In this series Maurizio de Giovanni transforms the police procedural into something deeper and more satisfying. The murder mystery, though never relegated to the background, serves as a kind of counterpoint to the difficulties and anguish, and sometimes joy and hope, revealed in the inner lives of the main characters. We are shown the ways in which our inner lives, our interior dialogue, can lead us astray and isolate us from those we need most.
Commissario Ricciardi has the supernatural ability to hear the final thoughts of those who have died violent deaths. From a less skillful writer this would be a gimmick that would detract from the novel. But de Giovanni uses it as a way to force Ricciardi into a terrible and unwanted isolation, allowing us to see how very important it is to connect with others: with friends, a lover, family. Ricciardi is unable to make those connections because he knows that he will never be able to share his curse with anyone, and especially not with someone that he cares deeply about. And so, even knowing that he cannot live without companionship, he must keep his distance. It is this awful loneliness that, more than anything else, gives the series its power.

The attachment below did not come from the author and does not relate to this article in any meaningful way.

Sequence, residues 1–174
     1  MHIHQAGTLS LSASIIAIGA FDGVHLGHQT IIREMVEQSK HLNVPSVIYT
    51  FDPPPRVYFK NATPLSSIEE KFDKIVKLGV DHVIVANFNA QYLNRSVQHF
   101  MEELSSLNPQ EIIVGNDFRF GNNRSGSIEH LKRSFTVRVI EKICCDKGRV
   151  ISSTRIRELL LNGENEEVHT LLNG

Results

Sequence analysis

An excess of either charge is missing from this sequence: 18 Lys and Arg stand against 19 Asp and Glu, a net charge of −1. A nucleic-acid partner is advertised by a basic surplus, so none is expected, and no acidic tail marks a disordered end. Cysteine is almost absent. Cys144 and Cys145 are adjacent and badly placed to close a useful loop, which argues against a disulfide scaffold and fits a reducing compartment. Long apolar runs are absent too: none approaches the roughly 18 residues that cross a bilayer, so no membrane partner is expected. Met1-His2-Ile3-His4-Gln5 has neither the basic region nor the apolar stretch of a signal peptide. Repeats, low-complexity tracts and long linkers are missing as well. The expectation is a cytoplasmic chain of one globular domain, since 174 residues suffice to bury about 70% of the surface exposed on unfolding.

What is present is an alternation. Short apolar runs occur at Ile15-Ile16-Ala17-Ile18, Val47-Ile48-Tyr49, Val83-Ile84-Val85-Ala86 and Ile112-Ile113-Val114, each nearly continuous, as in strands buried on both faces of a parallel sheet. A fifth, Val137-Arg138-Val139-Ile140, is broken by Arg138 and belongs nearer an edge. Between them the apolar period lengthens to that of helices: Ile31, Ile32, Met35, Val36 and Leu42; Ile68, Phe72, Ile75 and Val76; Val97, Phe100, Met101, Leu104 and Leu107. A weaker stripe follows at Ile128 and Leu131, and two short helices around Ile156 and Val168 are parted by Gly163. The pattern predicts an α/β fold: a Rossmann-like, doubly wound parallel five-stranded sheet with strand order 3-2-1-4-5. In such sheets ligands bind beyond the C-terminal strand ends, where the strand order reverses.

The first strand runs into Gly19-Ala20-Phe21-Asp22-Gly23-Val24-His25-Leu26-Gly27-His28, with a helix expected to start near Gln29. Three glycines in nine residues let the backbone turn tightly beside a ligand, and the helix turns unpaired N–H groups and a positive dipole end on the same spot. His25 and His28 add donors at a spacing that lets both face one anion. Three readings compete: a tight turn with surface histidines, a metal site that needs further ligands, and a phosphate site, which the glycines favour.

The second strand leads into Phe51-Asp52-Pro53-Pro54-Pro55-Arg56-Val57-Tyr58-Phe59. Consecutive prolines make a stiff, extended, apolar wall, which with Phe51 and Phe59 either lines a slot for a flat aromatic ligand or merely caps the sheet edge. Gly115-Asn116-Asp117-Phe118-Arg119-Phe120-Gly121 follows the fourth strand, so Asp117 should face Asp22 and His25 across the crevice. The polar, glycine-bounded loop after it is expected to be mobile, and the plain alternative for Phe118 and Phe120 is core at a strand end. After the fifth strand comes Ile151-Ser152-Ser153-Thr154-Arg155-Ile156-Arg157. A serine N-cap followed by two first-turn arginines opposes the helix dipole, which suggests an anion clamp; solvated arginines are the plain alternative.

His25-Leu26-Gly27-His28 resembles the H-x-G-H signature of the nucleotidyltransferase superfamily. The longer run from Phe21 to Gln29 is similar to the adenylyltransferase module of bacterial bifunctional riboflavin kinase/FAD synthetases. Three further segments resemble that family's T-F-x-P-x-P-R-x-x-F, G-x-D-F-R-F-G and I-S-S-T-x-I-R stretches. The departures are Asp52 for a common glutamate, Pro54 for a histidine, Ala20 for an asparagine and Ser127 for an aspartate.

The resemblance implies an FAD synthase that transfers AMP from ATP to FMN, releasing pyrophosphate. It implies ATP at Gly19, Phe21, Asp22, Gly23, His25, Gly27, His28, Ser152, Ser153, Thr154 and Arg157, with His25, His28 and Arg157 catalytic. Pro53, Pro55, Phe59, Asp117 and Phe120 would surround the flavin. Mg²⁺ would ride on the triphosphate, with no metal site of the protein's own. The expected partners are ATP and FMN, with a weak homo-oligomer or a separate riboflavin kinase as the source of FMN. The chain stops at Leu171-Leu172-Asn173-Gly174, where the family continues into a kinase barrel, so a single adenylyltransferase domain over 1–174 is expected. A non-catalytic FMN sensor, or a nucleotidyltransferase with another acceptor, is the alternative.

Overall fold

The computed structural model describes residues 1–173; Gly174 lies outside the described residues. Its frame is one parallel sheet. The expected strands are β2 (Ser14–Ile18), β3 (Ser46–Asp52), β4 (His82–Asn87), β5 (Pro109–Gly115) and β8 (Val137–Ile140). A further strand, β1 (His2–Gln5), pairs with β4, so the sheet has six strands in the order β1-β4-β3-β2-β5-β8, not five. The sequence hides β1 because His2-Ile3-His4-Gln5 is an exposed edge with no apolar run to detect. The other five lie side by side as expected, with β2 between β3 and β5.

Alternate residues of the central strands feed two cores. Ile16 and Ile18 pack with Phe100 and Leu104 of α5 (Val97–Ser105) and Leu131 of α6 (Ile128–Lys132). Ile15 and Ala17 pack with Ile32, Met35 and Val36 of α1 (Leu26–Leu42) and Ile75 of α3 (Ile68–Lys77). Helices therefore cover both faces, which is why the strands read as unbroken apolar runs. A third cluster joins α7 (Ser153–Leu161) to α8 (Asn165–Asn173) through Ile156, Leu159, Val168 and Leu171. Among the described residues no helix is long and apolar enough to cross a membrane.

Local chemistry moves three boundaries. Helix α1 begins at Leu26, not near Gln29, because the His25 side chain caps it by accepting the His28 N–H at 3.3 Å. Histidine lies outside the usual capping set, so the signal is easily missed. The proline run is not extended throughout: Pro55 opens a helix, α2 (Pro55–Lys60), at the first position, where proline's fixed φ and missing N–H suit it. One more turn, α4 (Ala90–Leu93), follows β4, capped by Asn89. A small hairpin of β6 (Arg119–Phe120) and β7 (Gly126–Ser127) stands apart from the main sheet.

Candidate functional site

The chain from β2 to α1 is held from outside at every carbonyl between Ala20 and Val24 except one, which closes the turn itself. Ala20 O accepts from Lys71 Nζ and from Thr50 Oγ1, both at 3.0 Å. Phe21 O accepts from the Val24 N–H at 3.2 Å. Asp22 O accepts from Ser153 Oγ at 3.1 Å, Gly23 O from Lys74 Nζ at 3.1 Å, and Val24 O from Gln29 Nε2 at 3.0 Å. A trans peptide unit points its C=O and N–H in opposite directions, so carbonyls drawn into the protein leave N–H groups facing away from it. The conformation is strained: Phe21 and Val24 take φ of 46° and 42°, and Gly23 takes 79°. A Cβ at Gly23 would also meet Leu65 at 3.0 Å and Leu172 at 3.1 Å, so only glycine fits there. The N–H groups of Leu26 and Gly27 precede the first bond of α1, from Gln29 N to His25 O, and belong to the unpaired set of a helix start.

In The Bottom of Your Heart it is July in Naples, and the heat is overwhelming. Ricciardi’s tata Rosa has fallen gravely ill, and Ricciardi is terrified and grieving. Maione, Ricciardi’s sidekick, is driving himself mad with the belief that his wife has become unfaithful to him. Enrica, Ricciardi’s neighbor, and the woman that Ricciardi loves from a distance and is loved in turn, has retreated to an island because she has begun to lose hope that Ricciardi will ever express his love. Livia, the well-connected and beautiful ex opera singer who has fallen in love with Ricciardi, is continuing her long campaign to win Ricciardi’s love.
And, yes, a murder was committed: a prominent professor of medicine was hurled out of a window and fell 70 feet to his death. There are a few suspects, and a couple subtle clues early on, but the case remains fairly murky until near the end. De Giovanni does his usual trick of having a couple chapters featuring the unnamed murderer, giving us a partial glimpse of his (or her) motivations, but leaving it quite unclear as to who he (or she) is. And he includes one of his lyrical chapters, in which a motif (in this case, night) is passed from one character to another.
I’ve liked all the books in this series, but I think this is one of the best. De Giovanni uses the extreme summer heat as a metaphor for the passion that led to the murder, for the jealousy that torments Maione, for the longing felt by Livia, for the despair felt by Enrica, and for the grief felt by Ricciardi. Maybe it’s a bit too obvious, but I thought it worked well. Above all, the book is full of compassion and understanding, and that’s not something you can say about most murder mysteries.